Yet international law has a rich existence in the world. International law is often developed, conveyed and authorised through objects or images. From the symbolic (the regalia of the head of state and the symbols of sovereignty), to the mundane (a can of dolphin-safe tuna certified as complying with international trade standards), international legal authority can be found in the objects around us. Similarly, the practice of international law often relies on material objects or images, both as evidence (satellite images, bones of the victims of mass atrocities) and to found authority (for instance, maps and charts).

Motivating this project are three questions:

  • First, what might studying international law through objects reveal? What might objects, rather than texts, tell us about sources, recognition of states, construction of territory, law of the sea, or international human rights law?
  • Second, what might this scholarly undertaking reveal about the objects – as aims or projects – of international law? How do objects reveal, or perhaps mask, these aims, and what does this tell us about the reasons some (physical or material) objects are foregrounded, and others hidden or ignored?
  • Third, which objects will be selected? We anticipate a no doubt eclectic but illuminating collection, which points to objects made central, but also objects disclaimed, by international law. Moreover, the project will result in a fascinating artefact (itself an object) of the preoccupations of the profession at this moment in time.

There are various ways one might begin to think about international law through objects. These categories are offered provisionally, and are in no sense intended to constrain the imagination of contributors:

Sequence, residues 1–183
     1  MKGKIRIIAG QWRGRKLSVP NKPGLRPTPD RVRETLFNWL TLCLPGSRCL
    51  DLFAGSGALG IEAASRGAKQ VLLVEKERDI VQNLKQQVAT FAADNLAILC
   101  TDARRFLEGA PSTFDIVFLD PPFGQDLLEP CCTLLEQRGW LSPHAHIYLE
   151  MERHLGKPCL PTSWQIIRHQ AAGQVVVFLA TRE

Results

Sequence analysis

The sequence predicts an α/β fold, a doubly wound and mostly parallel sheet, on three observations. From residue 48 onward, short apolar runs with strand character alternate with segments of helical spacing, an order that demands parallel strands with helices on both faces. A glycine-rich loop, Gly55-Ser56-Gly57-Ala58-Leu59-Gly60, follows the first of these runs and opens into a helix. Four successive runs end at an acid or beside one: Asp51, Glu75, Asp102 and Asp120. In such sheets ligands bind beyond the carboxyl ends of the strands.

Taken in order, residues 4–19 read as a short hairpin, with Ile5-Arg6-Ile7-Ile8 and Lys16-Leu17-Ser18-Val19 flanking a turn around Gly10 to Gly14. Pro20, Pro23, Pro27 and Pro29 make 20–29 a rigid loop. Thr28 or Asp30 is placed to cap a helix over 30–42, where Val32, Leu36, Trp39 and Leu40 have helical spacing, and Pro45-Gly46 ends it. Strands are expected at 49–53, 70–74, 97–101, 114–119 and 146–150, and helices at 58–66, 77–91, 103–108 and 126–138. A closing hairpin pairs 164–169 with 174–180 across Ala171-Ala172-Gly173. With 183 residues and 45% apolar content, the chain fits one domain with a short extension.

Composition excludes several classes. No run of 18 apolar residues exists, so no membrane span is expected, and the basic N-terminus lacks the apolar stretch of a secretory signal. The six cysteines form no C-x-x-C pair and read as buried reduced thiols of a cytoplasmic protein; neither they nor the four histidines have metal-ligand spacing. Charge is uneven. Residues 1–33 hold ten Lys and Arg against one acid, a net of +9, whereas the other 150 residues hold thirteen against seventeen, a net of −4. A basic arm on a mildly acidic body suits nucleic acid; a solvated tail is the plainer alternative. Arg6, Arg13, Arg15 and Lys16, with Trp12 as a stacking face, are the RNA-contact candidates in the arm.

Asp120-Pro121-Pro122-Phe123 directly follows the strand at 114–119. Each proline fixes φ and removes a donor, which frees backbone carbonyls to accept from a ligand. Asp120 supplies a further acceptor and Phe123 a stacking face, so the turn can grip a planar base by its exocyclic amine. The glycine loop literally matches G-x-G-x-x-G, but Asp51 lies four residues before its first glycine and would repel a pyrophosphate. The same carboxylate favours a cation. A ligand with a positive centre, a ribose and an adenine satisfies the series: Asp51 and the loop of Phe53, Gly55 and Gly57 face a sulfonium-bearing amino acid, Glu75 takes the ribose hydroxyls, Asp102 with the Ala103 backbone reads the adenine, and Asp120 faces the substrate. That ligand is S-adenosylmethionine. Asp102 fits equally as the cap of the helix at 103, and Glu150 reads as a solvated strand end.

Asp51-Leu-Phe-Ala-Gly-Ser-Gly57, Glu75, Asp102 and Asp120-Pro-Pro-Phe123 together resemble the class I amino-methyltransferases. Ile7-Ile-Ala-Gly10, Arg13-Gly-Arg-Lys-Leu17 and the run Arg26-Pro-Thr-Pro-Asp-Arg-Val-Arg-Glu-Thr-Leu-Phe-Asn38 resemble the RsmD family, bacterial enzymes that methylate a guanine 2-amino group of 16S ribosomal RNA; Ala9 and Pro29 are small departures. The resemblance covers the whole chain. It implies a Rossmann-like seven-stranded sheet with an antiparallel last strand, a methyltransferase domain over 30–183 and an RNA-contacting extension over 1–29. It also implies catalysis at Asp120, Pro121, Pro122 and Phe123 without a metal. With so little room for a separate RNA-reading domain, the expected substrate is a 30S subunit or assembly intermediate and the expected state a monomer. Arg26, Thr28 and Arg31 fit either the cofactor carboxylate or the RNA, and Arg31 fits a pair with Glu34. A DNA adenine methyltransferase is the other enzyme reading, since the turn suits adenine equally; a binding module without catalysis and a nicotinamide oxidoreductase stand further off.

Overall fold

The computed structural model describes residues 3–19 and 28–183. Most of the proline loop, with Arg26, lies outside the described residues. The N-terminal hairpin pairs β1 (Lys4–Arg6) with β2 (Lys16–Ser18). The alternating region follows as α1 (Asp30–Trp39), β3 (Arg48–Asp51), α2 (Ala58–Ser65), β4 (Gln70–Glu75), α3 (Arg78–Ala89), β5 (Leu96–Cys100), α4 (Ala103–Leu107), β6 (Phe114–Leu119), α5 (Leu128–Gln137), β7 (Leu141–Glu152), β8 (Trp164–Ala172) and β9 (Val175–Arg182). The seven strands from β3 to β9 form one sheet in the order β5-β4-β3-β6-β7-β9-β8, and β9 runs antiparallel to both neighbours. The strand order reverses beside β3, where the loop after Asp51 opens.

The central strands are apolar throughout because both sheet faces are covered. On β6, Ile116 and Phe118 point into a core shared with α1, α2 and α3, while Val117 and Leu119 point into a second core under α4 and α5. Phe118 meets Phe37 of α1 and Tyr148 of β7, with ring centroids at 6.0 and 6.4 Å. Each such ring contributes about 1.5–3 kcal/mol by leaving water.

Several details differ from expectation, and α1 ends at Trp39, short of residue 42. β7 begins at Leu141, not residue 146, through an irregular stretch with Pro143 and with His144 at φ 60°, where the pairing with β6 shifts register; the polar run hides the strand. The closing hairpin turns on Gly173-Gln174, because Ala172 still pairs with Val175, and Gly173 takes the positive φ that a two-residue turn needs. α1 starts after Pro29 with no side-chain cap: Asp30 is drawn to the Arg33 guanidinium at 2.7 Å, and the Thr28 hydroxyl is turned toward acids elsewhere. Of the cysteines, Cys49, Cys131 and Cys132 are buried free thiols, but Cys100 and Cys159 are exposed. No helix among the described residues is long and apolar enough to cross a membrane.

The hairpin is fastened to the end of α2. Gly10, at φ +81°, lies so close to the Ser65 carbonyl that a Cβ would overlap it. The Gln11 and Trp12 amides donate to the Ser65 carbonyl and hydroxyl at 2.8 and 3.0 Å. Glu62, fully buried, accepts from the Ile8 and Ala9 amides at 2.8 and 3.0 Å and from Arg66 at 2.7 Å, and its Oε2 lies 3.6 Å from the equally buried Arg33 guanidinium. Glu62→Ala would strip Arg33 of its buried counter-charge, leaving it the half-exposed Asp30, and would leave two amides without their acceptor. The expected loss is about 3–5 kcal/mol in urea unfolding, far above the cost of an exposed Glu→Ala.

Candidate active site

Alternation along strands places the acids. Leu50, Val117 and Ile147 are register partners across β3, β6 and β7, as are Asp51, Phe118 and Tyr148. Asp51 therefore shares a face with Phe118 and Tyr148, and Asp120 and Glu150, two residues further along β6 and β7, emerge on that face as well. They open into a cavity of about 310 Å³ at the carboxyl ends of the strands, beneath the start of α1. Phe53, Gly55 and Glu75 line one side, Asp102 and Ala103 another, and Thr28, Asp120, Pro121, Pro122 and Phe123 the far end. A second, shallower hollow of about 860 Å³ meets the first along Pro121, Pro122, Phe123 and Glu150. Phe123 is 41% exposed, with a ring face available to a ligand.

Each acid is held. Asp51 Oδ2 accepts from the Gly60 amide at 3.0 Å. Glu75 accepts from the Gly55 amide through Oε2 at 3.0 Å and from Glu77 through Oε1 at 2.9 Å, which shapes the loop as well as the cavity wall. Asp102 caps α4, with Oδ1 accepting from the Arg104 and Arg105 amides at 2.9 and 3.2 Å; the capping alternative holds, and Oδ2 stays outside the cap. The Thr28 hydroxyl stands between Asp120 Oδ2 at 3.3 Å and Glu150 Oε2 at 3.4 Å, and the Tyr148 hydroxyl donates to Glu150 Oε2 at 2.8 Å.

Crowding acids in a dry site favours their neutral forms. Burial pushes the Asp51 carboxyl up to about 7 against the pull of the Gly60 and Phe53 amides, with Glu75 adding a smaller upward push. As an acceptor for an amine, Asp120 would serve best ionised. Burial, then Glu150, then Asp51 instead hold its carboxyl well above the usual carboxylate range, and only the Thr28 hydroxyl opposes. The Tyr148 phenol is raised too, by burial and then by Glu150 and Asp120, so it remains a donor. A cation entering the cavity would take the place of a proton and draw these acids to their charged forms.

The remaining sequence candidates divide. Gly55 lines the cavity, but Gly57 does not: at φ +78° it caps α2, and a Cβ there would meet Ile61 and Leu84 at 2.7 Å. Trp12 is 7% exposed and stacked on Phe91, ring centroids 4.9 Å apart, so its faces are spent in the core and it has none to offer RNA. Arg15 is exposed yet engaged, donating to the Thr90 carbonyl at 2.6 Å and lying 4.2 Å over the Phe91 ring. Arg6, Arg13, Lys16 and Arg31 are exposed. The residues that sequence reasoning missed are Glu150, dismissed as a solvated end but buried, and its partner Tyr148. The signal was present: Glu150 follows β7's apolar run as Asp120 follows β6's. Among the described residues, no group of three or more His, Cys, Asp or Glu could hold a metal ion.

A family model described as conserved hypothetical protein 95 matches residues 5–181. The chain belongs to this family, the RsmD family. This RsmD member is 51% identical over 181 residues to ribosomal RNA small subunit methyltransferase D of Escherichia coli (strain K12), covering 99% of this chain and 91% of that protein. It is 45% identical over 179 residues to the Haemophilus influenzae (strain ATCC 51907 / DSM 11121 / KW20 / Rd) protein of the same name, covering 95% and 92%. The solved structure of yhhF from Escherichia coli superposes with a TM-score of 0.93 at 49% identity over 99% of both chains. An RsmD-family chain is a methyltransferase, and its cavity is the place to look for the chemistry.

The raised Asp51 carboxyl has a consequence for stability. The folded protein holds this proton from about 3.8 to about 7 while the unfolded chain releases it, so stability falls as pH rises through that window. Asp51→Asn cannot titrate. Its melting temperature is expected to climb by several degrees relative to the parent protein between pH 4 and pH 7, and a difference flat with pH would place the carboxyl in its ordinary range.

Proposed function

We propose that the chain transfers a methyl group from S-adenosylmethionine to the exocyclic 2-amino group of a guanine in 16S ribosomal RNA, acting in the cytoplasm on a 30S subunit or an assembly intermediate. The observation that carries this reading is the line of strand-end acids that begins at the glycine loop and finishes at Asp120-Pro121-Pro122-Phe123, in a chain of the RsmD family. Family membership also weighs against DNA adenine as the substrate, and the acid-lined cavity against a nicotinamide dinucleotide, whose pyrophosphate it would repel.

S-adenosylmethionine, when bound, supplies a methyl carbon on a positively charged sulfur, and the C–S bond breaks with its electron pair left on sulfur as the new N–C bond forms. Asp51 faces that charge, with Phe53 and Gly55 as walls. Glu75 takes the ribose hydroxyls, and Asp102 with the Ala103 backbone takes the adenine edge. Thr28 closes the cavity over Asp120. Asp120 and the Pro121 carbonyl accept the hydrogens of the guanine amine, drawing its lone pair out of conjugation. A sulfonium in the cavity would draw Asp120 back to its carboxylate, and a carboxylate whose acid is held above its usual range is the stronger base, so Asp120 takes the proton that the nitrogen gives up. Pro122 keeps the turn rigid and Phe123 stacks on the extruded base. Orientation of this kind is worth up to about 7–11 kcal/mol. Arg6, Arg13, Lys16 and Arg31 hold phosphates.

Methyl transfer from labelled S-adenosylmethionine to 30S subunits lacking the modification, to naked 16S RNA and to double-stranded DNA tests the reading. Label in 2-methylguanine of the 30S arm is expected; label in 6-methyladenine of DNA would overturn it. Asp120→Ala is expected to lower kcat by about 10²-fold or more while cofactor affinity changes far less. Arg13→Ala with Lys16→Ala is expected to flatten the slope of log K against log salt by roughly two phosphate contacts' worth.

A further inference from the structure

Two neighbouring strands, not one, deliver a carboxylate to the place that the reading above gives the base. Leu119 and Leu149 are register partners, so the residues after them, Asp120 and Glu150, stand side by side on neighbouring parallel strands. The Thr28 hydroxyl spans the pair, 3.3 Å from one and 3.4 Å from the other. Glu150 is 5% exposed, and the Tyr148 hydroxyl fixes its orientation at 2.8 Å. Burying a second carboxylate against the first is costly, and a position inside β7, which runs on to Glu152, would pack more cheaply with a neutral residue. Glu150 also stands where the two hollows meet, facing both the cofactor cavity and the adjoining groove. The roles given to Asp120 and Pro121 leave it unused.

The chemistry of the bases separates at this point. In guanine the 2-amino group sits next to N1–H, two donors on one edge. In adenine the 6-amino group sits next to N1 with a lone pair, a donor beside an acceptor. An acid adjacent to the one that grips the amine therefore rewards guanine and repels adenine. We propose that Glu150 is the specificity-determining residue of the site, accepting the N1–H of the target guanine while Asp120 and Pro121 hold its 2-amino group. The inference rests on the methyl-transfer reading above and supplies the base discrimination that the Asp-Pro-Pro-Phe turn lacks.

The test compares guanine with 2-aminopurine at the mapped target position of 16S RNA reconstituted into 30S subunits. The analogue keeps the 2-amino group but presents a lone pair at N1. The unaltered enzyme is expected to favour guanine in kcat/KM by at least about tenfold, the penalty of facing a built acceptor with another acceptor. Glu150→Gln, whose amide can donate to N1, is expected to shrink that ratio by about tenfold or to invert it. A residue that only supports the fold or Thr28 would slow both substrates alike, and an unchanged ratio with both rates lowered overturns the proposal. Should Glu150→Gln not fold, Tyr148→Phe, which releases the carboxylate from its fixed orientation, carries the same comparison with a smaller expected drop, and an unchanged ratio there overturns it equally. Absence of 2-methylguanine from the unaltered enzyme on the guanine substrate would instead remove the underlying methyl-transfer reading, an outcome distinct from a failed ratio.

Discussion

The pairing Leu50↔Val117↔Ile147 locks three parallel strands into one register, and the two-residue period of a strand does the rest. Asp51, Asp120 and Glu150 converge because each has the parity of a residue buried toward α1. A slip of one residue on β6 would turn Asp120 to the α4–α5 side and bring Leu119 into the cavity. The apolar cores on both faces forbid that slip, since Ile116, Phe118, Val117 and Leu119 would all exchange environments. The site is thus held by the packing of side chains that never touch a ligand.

• The first is those objects which are used routinely in the study and practice of international law. These include treaties and diplomatic cables for instance. These are normally rendered in text but represent important objects of interest in their own right. An extension of this category, also routinely used in international law scholarship and practice, are maps.
  • A second category might be those ritual objects that seek to convey the power and authority of international law though their symbolic weight. Such objects might include, for example, the flag planted by Captain Cook to claim the territory now known as Australia, the gavel used in the Nuremberg trials, or the Hague Peace Palace itself.

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Go On! PhD seminar: Methods of Human Rights Law Research, University of Iceland (deadline 1 April)

 

The University of Iceland Human Rights Institute and iCourts, the Danish National Research Foundation´s Centre of Excellence for International Courts at Copenhagen University, will host a seminar on “Methods of Human Rights Law Research” from 26-27 May 2015 at the University of Iceland Human Rights Institute.

Venue: University Iceland Faculty of Law, in the Lögberg building, Sæmundargata 8, room 402.

  • The deadline for applications is on Wednesday 1 April 2015.  Please apply by e-mail to Sigrún Á Heygum Ólafsdóttir, project manager (sah@hi.is).  She will also answer any practical questions regarding the course.
  • All other questions regarding the seminar can be directed to Oddný Mjöll Arnardóttir, course organiser (oddnyma@hi.is).
  • Course Programme (pdf)
  • Course Syllabus (pdf)

For more information, visit http://jura.ku.dk/icourts/news/methods-human-rights-law-research.

On the Job! Chair in Constitutional and/or Public Law with focus on gender, sexuality, and race studies, EUI (deadline 23 March)

The European University Institute (EUI) in Florence, Italy,  is looking for candidates with a distinguished record of scholarly publications and experience in postgraduate teaching and doctoral supervision, to fill a Chair in Constitutional and/or Public Law. The Department of Law would particularly welcome candidates interested in theoretical dimensions of the field (which may include dimensions of gender, sexuality and race), as well as comparative, transnational and international dimensions. The chair is open to candidates at all levels of seniority.

The successful candidate is expected to commence on 1 September 2016. The contract is for five years, renewable for a further three years. The Institute is an equal opportunity employer, and takes into account the importance of balance in gender, geographical and minority representation.

Interested applicants should consult http://www.eui.eu/vacancies for further details.

Deadline for receipt of applications: 23 March 2015

CONTACTS

Academic Service
Veerle Deckmyn, Director
Tel.: +39 055.4685.359
E-mail: applypro@eui.eu Internet: http://www.eui.eu

European University Institute Via dei Roccettini 9
I-50014 San Domenico di Fiesole ITALY